Kenneth Salzer

  • Teaching Associate Professor

Kenneth Salzer (he/him/his) began teaching English at the University of Pittsburgh in 2010 and currently holds the position of Teaching Associate Professor. He received his doctorate from the University of Rochester in 2002. His dissertation, “Cross Purposes: Transvestic Figures in Nineteenth-Century American Literature and Culture,” examines real and fictional examples of cross-dressers who superficially and strategically altered not only their gender but often their race and/or class as well.

Courses Taught

American Literature

Queer/Transgender Literature

Sexuality & Representation


Science Fiction

Women & Literature

Introduction to Critical Reading

Detective Fiction

History of Literary Criticism

The Gothic Imagination

Emergence of Modern America

Imagining Social Justice

Senior Seminar (Edgar Allan Poe)

Representative Publications

“An Exclusive Engagement: The Personal and Professional Negotiations of Vivia.” In E. D. E. N. Southworth: Recovering the Career of a Nineteenth-Century Popular Novelist (University of Tennessee Press)

This essay argues that E. D. E. N. Southworth (one of the best-selling authors of the nineteenth century) used the female characters in her serialized novel Vivia (1857) to work through her own professional problems with male publishers.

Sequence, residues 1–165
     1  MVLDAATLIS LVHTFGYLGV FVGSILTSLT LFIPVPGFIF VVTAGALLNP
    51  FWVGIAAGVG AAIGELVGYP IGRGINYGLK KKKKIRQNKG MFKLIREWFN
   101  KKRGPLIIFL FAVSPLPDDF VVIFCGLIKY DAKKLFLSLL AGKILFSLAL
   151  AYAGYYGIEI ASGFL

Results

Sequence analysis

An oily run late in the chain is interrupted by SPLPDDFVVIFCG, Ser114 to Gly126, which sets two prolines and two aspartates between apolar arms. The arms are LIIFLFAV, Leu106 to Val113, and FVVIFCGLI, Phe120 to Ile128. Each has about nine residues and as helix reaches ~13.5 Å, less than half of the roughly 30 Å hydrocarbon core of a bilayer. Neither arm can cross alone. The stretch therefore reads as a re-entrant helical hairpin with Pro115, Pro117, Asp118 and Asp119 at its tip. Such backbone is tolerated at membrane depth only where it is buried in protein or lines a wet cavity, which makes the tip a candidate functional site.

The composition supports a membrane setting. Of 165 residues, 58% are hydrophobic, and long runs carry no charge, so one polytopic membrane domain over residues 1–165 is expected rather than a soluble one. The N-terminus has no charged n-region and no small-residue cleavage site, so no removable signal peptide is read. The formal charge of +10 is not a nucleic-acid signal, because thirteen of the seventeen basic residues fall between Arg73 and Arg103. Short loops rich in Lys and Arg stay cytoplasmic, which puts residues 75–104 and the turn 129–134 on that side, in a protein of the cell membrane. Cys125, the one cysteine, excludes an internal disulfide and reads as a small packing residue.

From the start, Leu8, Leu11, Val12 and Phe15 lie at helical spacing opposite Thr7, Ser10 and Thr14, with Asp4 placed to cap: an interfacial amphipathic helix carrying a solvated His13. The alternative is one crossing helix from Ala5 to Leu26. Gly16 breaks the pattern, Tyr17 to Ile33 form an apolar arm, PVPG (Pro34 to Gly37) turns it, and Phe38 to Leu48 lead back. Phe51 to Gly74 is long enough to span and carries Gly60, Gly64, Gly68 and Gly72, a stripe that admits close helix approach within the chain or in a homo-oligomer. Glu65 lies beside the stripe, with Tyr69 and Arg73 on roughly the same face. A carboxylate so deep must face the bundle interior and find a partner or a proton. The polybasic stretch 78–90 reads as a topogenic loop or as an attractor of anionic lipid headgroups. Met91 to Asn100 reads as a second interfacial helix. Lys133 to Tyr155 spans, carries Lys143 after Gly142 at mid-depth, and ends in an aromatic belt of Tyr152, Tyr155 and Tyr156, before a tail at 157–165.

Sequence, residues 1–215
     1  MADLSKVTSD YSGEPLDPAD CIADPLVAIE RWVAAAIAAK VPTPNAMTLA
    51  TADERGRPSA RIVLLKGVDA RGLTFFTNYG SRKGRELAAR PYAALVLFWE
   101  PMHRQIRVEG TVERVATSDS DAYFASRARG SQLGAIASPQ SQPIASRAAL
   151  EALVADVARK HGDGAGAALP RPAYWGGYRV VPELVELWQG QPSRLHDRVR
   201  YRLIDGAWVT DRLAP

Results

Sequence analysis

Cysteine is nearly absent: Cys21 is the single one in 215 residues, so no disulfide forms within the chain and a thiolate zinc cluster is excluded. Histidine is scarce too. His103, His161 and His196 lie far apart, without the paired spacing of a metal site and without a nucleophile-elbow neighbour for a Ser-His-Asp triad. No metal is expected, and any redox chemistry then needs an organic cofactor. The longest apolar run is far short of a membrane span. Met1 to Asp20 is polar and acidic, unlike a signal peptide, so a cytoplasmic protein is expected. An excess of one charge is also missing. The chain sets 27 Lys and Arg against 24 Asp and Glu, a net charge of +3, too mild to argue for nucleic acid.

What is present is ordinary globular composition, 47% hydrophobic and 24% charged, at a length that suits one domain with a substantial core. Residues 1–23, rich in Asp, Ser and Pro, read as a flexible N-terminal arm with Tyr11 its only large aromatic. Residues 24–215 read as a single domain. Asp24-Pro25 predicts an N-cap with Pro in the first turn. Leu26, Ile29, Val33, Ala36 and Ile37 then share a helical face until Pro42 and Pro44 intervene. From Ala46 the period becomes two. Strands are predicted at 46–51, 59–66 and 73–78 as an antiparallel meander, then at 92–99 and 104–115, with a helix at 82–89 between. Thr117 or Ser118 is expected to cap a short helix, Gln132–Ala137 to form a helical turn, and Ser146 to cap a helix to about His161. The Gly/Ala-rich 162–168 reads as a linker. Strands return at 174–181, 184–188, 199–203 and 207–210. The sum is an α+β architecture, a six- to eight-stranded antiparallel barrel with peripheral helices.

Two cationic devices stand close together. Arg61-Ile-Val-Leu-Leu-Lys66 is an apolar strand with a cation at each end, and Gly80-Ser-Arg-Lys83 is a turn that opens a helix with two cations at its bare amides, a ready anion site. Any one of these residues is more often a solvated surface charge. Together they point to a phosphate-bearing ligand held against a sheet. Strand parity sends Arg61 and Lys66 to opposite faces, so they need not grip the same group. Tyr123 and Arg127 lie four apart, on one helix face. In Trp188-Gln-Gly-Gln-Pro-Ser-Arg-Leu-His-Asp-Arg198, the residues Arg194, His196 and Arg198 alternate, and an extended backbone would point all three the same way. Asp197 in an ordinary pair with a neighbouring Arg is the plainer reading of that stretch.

“Great Exhibitions: Ellen Craft on the British Abolitionist Stage.” In Transatlantic Women: Essays on Nineteenth-Century American Women Writers in Great Britain, Ireland, and Europe (University Press of New England)

The essay examines how fugitive slave Ellen Craft, who fled from Georgia with her husband William in 1848, forged a public persona over twenty years in the British abolitionist spotlight.

“Call Her Ishmael: E. D. E. N. Southworth, Robert Bonner, and the ‘Experiment’ of Self-Made.” In Popular Nineteenth-Century American Women Writers and the Literary Marketplace (Cambridge Scholars Press)

This essay, which also focuses on Southworth, analyzes her close relationship with her editor Robert Bonner, who served as the inspiring model for the male protagonist of her serialized novel Self-Made (1863-4).

Research Interests

“Passing” narratives and representations of the female suicide in American literature